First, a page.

Just because you received a guilty verdict doesn’t mean it’s the end of the road for you. However, the best thing you can do for your case is to hire an attorney experienced in appellate advocacy. Frequently, I see appealable cases that are dismissed due to egregious attorney errors and ultimately leave the client suffering.
One common mistake I often see in appellate law is not knowing or following the correct deadline for filing an appeal. It’s important to note that there are rigid guidelines and procedures one must adhere to in order to file an appeal.
Once an appeal passes the deadline for filing, it will no longer be considered by the appellate court. This issue is addressed in a criminal proceeding that arose out of Jefferson County, Alabama, in the case of Ex Parte Holderfield (In re: Holderfield v. State of Alabama).
Here, the defendant, Amanda Holderfield (“Holderfield”), was convicted of second-degree assault. On April 7, 2015, Holderfield was sentenced to 60-months’ imprisonment; that order was suspended, and Holderfield was ordered three years of supervised probation. In addition, Holderfield was ordered to pay restitution in the amount of $2,219 to the “City of Gardendale Municipal Works Comp Fund.”
Restitution is the money paid back to the victim from the offender of a convicted crime. A restitution hearing acts a compensatory function to allow the victim to be awarded for any monetary damages that were sustained from the crime. Restitution may be ordered for destroyed property, travel expenses, medical expenses, burial expenses, and even loss wages.
On May 6, 2015, Holderfield filed a “Motion to Set Aside Order of Restitution and Request Hearing.” On June 15, 2013, the circuit court denied the motion. Accordingly, Holderfield appealed to the Alabama Court of Criminal Appeals.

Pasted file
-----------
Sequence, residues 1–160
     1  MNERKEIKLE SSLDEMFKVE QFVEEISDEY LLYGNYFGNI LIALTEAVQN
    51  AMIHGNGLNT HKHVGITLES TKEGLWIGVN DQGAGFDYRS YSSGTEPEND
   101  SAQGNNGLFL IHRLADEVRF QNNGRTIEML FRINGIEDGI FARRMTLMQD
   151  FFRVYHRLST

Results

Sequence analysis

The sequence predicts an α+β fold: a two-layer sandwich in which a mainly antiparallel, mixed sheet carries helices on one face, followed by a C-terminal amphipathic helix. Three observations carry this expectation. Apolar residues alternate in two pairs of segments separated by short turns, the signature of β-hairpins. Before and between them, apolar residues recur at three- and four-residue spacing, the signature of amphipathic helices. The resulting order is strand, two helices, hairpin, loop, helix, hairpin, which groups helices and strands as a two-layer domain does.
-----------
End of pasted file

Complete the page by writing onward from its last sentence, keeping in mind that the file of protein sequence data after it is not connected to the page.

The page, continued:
The Alabama Court of Criminal Appeals dismissed the appeal. The Alabama Court of Criminal Appeals reasoned that the appeal was untimely and not filed within the mandatory 42 days Rule 4(b)(1), Ala. R. App. P., calls for. Specifically, the appellate court dismissed the motion to set aside the restitution on the basis that the motion was not equivalent to Rule 24.1, Ala. R. Crim. P., motion for a new trial; thus, there was no tolling on the time to file an appeal. Rule 4(b)(1), Ala. R. App. P., states that notice of appeal by a defendant in a criminal proceeding must be filed within 42 days of the announcement of the sentence.
Since 42 days had passed before the appeal was filed, the appellate court ruled that they lacked the jurisdiction to review the trial court’s order and dismissed the case. Following the dismissal, Holderfield appealed the judgment to the Alabama Supreme Court.
The main issue before the Alabama Supreme Court is whether a motion to modify or to set aside restitution order in a criminal case should be treated as a motion for a new trial under Rule 24.1, Ala. R. Crim. P., with regard to tolling the time to file an appeal. Remember, Holderfield did not entitle her motion as a motion for new trial but entitled her motion as a “Motion to Set Aside Order of Restitution and Request Hearing.”
The Supreme Court of Alabama specifically references Ex parte Hitt, in which the Alabama Supreme Court held that motions to amend or correct a sentence are govern by Rule 24.1, Ala. R. Crim. P., and that filing of such a motion tolls the time to file an appeal. Ex parte Hitt, 778 So. 2d 159 (Ala. 2000).
The Alabama Supreme Court held that the motion to modify or set aside restitution was considered a motion to amend or correct a sentence; therefore, the time to file an appeal was tolled. The Alabama Supreme Court ruled that the appeal was not untimely, and the Criminal Court of Appeals should not have dismissed the case.
Fortunately for Holderfield, the appeal was not deemed untimely. Appeals are too costly and time sensitive for small mistakes to happen. To ensure that your appeal is being handled properly, seek out an attorney who is well-versed in appellate procedure.
If you are considering filing an appeal in your case, contact Birmingham appellate attorney, Joseph A. Ingram at (205) 335-2640.